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DNA replication: isolating temperature sensitive mutants


Issues of the organisation of DNA replication in a bacterial cell
Sydney Brenner Scientist
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One of the important experiments which was very tricky to do was of course to show – in addition to all the things we had done with F factors – that it… that the DNA transferred from the male into the female bacterium was of course one-time replicated. This we proposed to do by a Meselson-Stahl experiments. Meselson and Stahl had labelled DNA with heavy atoms, nitrogen and carbon. And they had shown then that DNA replicated semi-conservatively – that is, the daughter molecules had one old strand, for example, light, and the new, and the new molecules had a heavy strand. So we proposed to use this. This was extremely difficult experiment to do at the time, because you had to have many labels radioactive to mark the parental DNA. It had to be done… we had to make sure that we destroyed all unconjugated cells, and that we only retrieved DNA from the cells. And eventually they were such a minority of the population. However, the experiment was done and in fact did show that the DNA that came across was indeed a hybrid DNA, had been replicated once. So what we were able to exclude quite conclusively that in fact the DNA had... that the DNA was transferred as one piece of DNA. However, we could not say for certain that it had been copied in the donor cell, because one… the equivalent theories, which is obvious when you think about it is that rather than have a replication driving the DNA across in the male, you could equally well have an enzyme in the female which pulled it across by exactly the same method – that is, replicated in the recipient cell. And we could not resolve those questions. In fact, very much later it was shown that the replication did take place in the… in the recipient, although this is still not completely decided, but as many questions in science are never decided they just vanish; this one is of no consequence. One of the other features of, of our experiment was that in somehow the DNA had to be attached to some part of the cell, and in bacteria that have no nucleus, no nuclear membrane, this DNA had to be attached to the cell membrane. And the idea was that if it was attached at a given point, which is another part, only one point would be required for the attachment, then when it copied, the new copy would be attached, remain attached by one strand. And then the idea was you would grow the membrane in between the two copies and that's the way they segregated to opposite cells. I think that even today that's not… I mean, many people believe that that's the way it happens, but it's still not completely proven. So those issues of the organisation of DNA replication in a bacterial cell are indeed still open questions. I have to say that in doing this work there, I had an echo of something I had done ten years previously, or more, in South Africa, where I had been using little pieces of liver in a Beams and King turbine ultracentrifuge, an air turbine which I'd built myself. And I noticed in centrifuging these cells and cutting sections of them, that the… that the DNA, or as we called it then, chromatin, had not sedimented completely to the bottom of the nucleus, but seemed to be connected to the top of it by strands. And in fact I was so impressed by this that I thought that that proved that, that the chromosomes were still attached to the nuclear membrane. And I wrote a paper on this which was published in Experimental Cell Research in 1953, called The Chromatic Nuclear Membrane, which was the result of that experiment and which showed DNA attached to this. And of course in the last few years this has now come back again and DNA seems to have in higher organisms some attachment to the cells. My idea was then that maybe this was involved either in chromosome segregation or, as I believed, possibly in expression. So that the… the good genes were stuck on the membrane, they could get their stuff over into the… into the cytoplasm. And they weren't in blocks of what were called heterochromatin in those days.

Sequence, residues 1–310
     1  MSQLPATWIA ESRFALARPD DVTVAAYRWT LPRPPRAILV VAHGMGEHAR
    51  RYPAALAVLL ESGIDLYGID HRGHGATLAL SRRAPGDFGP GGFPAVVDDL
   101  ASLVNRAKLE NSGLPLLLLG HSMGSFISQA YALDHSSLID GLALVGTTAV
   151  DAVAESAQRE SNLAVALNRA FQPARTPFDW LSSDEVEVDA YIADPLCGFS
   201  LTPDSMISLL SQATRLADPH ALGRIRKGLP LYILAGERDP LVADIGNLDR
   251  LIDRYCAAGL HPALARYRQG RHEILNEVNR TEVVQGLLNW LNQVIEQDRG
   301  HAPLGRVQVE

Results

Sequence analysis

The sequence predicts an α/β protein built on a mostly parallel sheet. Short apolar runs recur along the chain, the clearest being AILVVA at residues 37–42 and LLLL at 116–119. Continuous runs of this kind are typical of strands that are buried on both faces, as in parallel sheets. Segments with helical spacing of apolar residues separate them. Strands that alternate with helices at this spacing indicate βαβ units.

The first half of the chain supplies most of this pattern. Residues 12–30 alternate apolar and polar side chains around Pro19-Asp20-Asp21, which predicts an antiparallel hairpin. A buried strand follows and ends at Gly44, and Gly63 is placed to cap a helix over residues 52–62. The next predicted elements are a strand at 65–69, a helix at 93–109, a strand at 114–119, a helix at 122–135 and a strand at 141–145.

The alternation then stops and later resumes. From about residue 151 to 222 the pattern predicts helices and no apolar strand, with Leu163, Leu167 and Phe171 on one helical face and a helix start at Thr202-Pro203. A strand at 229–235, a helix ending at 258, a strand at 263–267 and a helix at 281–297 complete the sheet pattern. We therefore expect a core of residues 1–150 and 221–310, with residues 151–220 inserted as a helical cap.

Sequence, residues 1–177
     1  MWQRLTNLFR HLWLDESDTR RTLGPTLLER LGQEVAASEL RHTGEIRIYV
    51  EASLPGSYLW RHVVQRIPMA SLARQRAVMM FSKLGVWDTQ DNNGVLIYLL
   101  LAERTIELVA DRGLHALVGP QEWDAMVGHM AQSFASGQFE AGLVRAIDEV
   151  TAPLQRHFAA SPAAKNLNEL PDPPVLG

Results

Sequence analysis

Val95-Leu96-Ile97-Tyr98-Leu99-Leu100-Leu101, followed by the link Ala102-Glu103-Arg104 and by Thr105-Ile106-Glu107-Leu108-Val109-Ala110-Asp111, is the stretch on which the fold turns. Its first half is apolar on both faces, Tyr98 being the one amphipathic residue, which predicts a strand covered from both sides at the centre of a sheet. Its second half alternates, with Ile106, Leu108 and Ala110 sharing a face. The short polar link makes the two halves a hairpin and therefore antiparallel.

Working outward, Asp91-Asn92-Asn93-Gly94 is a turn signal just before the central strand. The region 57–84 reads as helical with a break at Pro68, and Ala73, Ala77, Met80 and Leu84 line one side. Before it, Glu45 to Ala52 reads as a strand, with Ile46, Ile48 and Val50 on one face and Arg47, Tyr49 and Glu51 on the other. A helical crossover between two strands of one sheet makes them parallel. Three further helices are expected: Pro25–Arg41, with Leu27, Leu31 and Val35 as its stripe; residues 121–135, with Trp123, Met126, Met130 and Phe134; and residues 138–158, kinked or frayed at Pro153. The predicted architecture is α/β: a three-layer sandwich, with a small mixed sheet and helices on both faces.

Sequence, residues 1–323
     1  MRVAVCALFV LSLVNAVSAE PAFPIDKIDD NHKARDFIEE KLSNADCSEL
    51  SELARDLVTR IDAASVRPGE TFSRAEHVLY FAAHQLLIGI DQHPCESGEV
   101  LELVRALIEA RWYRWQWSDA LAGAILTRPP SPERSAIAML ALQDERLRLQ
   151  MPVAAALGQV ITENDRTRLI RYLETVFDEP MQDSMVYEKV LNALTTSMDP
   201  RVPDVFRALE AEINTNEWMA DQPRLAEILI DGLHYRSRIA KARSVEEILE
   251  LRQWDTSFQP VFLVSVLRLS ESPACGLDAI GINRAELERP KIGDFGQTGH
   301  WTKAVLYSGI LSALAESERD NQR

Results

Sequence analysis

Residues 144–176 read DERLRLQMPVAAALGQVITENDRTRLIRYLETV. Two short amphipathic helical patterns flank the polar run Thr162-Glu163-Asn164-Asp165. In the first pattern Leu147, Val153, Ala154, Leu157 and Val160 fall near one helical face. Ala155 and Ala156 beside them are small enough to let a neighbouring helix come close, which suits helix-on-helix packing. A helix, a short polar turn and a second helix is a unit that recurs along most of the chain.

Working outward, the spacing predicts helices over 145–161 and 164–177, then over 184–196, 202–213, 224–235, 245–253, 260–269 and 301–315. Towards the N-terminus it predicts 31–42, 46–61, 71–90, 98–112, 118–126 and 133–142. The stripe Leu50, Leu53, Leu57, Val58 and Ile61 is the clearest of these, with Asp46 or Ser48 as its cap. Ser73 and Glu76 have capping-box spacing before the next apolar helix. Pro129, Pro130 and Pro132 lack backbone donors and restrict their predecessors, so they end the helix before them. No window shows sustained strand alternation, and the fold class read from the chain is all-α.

South African Sydney Brenner was awarded the Nobel Prize in Physiology or Medicine in 2002. His joint discovery of messenger RNA, and, in more recent years, his development of gene cloning, sequencing and manipulation techniques along with his work for the Human Genome Project have led to his standing as a pioneer in the field of genetics and molecular biology.

Listeners: Lewis Wolpert

Lewis Wolpert is Professor of Biology as Applied to Medicine in the Department of Anatomy and Developmental Biology of University College, London. His research interests are in the mechanisms involved in the development of the embryo. He was originally trained as a civil engineer in South Africa but changed to research in cell biology at King's College, London in 1955. He was made a Fellow of the Royal Society in 1980 and awarded the CBE in 1990. He was made a Fellow of the Royal Society of Literature in 1999. He has presented science on both radio and TV and for five years was Chairman of the Committee for the Public Understanding of Science.



Listen to Lewis Wolpert at Web of Stories



Tags: South Africa, Experimental Cell Research, 1953, The Chromatic Nuclear Membrane, Matthew Meselson, Franklin Stahl

Duration: 6 minutes, 33 seconds

Date story recorded: April-May 1994

Date story went live: 24 January 2008